Just some factual details to straighten out first before going to your answer:
First, the intake valve does NOT instantly close at BDC. Even the gsr cams have 40 degrees after BDC before they close. The wilder cams take even longer after BDC to close. Why? because we don't have F1 pneumatic or electromagnetic valve actuaters. We use valvesprings which don't instantaneously open and close a valve (like a square wave pattern...on/off switch). The valve isn't slammed onto the valve seat too hard to cause valve bounce. In wilder cams, higher intake lift dictates the need for longer intake duration. Now, this ABDC valve closure period is where we lose vacuum/cylinder pressure/(dynamic) compression even if the rings are good (dynamic compression is affected by late intake valve closure). The later the intake valve closure is an attempt to capture some more intake mixture using the "ram effect" (see the Ramming the Rat Article from Hot Rod 1999 that I quoted in one of the IM design threads here). However, the mix is being compressed in these 40 or more degrees and the path of least resistance is back up the intake port. We won't get into the balance between the exhaust cam duration relative to the intake cam's duration and LSA today.
Secondly, anything above 1.65 rod ratio is considered good and still "high". 1.66 is NOT low. "Ideal" is 1.75-1.77. You get into powerbands that are located to high and too narrow to be useful once you exceed 2.05:1 and would require a 7 speed, close ratio gearbox to keep you there in that powerband.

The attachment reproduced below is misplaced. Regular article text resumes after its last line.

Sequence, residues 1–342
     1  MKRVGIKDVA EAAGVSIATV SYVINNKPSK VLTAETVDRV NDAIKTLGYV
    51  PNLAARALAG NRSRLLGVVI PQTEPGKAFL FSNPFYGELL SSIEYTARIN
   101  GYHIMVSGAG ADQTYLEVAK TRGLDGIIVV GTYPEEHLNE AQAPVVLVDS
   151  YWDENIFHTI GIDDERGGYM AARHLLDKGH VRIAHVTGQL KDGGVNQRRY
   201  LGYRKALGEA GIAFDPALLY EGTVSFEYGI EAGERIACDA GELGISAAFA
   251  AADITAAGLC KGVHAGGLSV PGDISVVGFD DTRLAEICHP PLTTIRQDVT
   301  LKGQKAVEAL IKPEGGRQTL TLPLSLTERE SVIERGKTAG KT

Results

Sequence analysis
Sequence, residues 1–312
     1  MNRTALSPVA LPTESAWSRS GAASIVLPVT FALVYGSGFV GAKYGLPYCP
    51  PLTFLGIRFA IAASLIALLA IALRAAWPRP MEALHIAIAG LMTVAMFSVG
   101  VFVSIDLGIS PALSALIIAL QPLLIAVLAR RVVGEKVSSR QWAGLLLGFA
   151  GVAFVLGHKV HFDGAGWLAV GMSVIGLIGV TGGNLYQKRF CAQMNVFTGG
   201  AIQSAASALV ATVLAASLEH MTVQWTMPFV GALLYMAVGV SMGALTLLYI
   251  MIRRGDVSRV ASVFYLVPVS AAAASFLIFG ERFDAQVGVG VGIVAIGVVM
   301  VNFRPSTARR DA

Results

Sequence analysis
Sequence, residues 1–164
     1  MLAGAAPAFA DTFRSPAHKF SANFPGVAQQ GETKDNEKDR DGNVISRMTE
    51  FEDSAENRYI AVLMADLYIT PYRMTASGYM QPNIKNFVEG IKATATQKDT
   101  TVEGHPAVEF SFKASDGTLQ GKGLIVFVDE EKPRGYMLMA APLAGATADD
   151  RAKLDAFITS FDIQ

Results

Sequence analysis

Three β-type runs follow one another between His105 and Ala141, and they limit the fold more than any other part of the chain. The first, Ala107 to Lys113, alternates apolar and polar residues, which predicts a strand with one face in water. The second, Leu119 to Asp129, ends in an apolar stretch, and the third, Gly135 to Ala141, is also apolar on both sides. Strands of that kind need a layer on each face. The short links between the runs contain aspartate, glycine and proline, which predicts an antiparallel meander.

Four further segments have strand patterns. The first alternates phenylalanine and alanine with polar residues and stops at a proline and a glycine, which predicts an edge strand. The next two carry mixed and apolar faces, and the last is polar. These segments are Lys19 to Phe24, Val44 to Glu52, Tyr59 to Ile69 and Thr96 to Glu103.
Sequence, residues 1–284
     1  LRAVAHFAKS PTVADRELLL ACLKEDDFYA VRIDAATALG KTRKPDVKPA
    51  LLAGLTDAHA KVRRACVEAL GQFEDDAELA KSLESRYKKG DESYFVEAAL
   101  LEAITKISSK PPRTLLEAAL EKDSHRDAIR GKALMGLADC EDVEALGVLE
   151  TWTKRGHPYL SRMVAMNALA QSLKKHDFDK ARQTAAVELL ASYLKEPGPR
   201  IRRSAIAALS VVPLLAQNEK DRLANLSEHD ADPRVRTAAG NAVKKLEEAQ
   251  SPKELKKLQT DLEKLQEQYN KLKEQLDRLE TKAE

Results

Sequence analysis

Now, onto cylinder filling.
cylinder filling is a function of port volume/flow capacity, efficiency (loss from friction or pumping losses), IM design, intake valve size and the number of intake valves (4-5 valve head vs 2 valve head), cam profile, rpm, bore size relative to rod ratio, and displacement.
Let's deal with some of these factors in sequence.
In terms of port size/flow capacity, displacement, efficiency, rpm, and displacement....In a 1.8L (110 cubic inches) with 8000 rpm redline, you have:
110 cu. in. x 0.5 = 55 cu in. per revolution
[55 cu in/rev]/ 1,728 = 0.032 cu. ft/ rev.
0.032 cu. ft/rev x 8000 rev/ min. = 254 cu. ft./ min. (cfm) flow needed to fill the cylinder.
This is the port flow capacity you need to fill the cylinder at 100% efficiency (no viscous or pumping losses).
Now, port volume as it relates to filling only and rod ratio:
The relationship between rod ratio and port size goes un-noticed by a lot of people. Low rod ratio engines like larger "lazy" ports, moreso than high rod ratio engines. This combination of low rod ratio piston geometry and big ports biases the powerband gains towards the upper rpm range.
If you look at a stock B16a head it has smaller port sizes. When you combine that head made for a high revving high rod ratio motor and put it on a low rod ratio block like a B18B (1.54 r/s ratio), the midrange torque is phenomenal. The LS/VTEC's combination of high piston speeds early after TDC from a low rod ratio and smaller ports for higher flow speeds will fill the cylinder at low rpms better.